The writer is an independent investment strategist and founder of the online research marketplace ERIC
For the first time foreigners have a large enough position in renminbi-denominated securities to influence Chinese monetary policy.
Foreign investment in China has historically focused on direct investment, and investment in portfolio assets was largely confined to foreign currency denominated debt.
Things have changed dramatically in the past 10 years. In 2011, foreigners’ holdings of China’s liquid portfolio assets were just 14 per cent the size of China’s reserve assets. In June, they were almost two-thirds the size at $2.1tn.
This surge, when combined with the country’s managed exchange rate policy, confers a new power upon foreigners, as evidenced when one considers the size of foreign holdings of China’s portfolio assets in relation to the size of the country’s foreign reserves.
In 2011, foreigners’ holdings of China’s liquid portfolio assets of $458bn was 14 per cent the size of China’s reserve assets. Today, that percentage is about 5 per cent, but holdings are much greater in absolute terms at $2.1tn. What happens if these assets are liquidated?
Downward pressure on the renminbi exchange rate forces intervention from the People’s Bank of China. And as foreign reserve assets decline, liabilities in the form of renminbi-denominated bank reserves also decline. The action of foreign investors would dictate, through this process, a tighter monetary policy, just as China is struggling with falling residential property prices and growing distress in the private credit system.
The consensus among professional investors is that foreign ownership of Chinese portfolio assets can only continue to rise. The reasoning goes that Chinese bonds can provide the uncorrelated returns that boost their value to any diversified portfolio and they will be in large demand.
This faith in future inflows to portfolio assets is bolstered by the belief that those who construct benchmark indices of global portfolio assets, those conductors of blind capital, will only raise the weightings of China’s portfolio assets within those indices.
However, there is a growing list of reasons why foreign portfolio inflows to China can stop or even reverse. The increased risk of a cold war means it is not clear that foreigners will be permitted to fund, even partially, the Chinese government’s military build-up through their purchase of Chinese government bonds.
Growing focus on environmental, social and governance concerns will probably impinge upon foreign investors’ ability to add to their Chinese positions. These key external factors are exacerbated by China’s growing internal problems.
The overbuild in China’s residential property market is hardly a new story but prices in it have recently declined amid signs of credit distress among developers.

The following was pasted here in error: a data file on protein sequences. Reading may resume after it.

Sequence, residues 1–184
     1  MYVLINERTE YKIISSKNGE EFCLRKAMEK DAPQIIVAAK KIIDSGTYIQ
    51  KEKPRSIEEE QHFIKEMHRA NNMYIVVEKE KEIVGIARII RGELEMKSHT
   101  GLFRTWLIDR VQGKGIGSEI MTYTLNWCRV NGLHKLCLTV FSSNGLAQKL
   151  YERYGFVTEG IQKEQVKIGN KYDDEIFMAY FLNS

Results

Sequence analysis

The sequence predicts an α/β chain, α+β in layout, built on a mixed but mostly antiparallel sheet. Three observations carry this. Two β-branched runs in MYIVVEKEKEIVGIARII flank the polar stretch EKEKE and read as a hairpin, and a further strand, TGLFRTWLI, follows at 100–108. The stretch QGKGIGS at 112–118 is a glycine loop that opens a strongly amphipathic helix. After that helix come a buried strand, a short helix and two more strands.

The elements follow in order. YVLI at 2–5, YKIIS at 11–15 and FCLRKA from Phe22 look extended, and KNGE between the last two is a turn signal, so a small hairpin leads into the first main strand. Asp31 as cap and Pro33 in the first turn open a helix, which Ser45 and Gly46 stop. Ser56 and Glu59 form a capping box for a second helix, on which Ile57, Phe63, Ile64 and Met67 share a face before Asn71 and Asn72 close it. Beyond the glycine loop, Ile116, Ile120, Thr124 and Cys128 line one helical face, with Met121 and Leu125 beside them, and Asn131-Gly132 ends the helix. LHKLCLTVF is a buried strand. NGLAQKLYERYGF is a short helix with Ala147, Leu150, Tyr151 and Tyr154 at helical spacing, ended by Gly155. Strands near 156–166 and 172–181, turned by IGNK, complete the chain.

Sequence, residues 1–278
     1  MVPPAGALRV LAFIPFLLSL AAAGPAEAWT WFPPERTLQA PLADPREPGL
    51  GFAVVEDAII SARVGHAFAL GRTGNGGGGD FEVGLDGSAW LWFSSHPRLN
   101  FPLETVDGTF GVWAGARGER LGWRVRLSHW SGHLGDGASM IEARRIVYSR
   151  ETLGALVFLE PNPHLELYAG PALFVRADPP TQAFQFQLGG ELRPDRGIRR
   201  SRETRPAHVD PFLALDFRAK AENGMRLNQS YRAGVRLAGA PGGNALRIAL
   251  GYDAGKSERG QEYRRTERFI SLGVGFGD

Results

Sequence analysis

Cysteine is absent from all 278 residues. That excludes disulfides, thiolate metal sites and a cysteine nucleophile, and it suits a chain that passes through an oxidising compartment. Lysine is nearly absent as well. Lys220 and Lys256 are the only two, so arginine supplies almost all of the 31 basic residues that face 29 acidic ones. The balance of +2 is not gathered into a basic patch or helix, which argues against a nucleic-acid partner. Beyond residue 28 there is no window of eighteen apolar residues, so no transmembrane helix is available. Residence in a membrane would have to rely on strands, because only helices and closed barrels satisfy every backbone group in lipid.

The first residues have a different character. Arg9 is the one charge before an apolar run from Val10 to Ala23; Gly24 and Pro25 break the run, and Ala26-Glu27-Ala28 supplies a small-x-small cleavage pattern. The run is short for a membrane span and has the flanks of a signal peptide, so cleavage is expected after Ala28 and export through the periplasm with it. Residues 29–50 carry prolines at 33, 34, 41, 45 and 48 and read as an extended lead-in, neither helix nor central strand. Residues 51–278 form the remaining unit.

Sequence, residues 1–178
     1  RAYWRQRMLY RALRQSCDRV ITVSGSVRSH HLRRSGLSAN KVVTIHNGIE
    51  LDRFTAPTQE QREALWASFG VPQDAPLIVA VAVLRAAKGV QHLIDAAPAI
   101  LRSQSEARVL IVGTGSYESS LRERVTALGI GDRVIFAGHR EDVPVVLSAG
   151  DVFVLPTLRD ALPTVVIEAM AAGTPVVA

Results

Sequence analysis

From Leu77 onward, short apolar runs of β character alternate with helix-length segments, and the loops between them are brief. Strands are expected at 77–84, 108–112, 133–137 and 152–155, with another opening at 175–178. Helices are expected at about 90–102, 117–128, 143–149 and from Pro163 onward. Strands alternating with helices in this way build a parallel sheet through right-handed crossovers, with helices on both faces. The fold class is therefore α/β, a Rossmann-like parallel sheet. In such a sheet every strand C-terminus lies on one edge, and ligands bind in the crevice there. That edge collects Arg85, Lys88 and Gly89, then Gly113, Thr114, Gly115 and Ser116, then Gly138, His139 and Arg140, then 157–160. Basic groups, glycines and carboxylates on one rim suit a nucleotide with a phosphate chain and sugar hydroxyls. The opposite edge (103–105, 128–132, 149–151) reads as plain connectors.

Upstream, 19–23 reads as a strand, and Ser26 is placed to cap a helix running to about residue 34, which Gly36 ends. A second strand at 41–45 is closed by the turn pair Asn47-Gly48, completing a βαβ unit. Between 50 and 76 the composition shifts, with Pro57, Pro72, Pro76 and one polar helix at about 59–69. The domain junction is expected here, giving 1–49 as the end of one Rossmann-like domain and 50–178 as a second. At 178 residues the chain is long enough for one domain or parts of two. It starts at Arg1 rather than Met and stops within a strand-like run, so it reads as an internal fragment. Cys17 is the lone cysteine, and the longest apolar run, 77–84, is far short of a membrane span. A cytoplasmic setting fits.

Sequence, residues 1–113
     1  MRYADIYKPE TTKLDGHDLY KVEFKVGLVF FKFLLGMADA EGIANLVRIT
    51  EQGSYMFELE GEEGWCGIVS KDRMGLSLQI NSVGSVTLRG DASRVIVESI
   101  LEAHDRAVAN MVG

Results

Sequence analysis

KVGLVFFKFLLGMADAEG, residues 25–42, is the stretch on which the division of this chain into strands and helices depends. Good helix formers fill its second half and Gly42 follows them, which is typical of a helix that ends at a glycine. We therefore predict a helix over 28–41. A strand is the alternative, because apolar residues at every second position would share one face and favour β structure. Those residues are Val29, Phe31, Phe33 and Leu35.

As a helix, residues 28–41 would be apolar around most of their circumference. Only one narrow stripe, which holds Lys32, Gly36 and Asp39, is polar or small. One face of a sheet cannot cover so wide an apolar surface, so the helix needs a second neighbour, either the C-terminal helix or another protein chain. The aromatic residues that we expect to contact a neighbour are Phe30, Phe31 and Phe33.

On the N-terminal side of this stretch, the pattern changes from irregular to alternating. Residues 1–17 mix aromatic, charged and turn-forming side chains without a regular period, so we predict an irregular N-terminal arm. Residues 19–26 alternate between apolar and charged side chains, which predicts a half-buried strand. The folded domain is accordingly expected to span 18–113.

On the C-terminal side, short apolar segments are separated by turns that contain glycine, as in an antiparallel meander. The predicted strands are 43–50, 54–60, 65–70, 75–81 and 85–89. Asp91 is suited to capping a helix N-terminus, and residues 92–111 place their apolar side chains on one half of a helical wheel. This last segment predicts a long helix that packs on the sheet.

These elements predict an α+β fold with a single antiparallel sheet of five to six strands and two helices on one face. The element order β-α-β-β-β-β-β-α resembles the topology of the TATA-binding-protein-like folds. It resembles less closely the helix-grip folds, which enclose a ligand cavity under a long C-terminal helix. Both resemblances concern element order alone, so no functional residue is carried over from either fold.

This distress is exacerbated as Xi Jinping, China’s president, seeks to draw a line between what is a public risk, that can be financed by the state-controlled banking system, and what is a private risk that should have no credit from this source. Investors who assumed that companies receiving loans from state-controlled banks were a public risk are in the process of re-pricing such risks.
All this is particularly bad news for the informal credit system which has often financed what state-controlled banks are no longer allowed to.
The operation of the managed exchange rate is keeping Chinese monetary policy tight, with broad money growth near a postwar low. While foreigners invested in Chinese government bonds may welcome tighter monetary policy, more likely it will frighten foreign capital out of the Chinese equity market.
Xi’s aim to create greater ‘common prosperity’ in China does not necessarily reduce private property rights, but is likely to.
Monetary history is the history of how politicians have needed to control the price and quantity of money to pursue their political goals. Xi is currently constrained in his common prosperity goal by the tightness of monetary policy dictated by the operation of China’s managed exchange rate.
Sometimes political leaders must choose between a deflationary adjustment or a move to the exchange rate flexibility that allows control over the price and quantity of money and inflating away debts.
China’s debt-to-GDP ratio has soared since 2009 and it is now as overleveraged as the developed world.
Xi’s political goals are no longer compatible with a stable Chinese exchange rate. Xi has to choose between a flexible exchange rate and monetary independence or a deflationary economic adjustment with its attendant financial and political risks.
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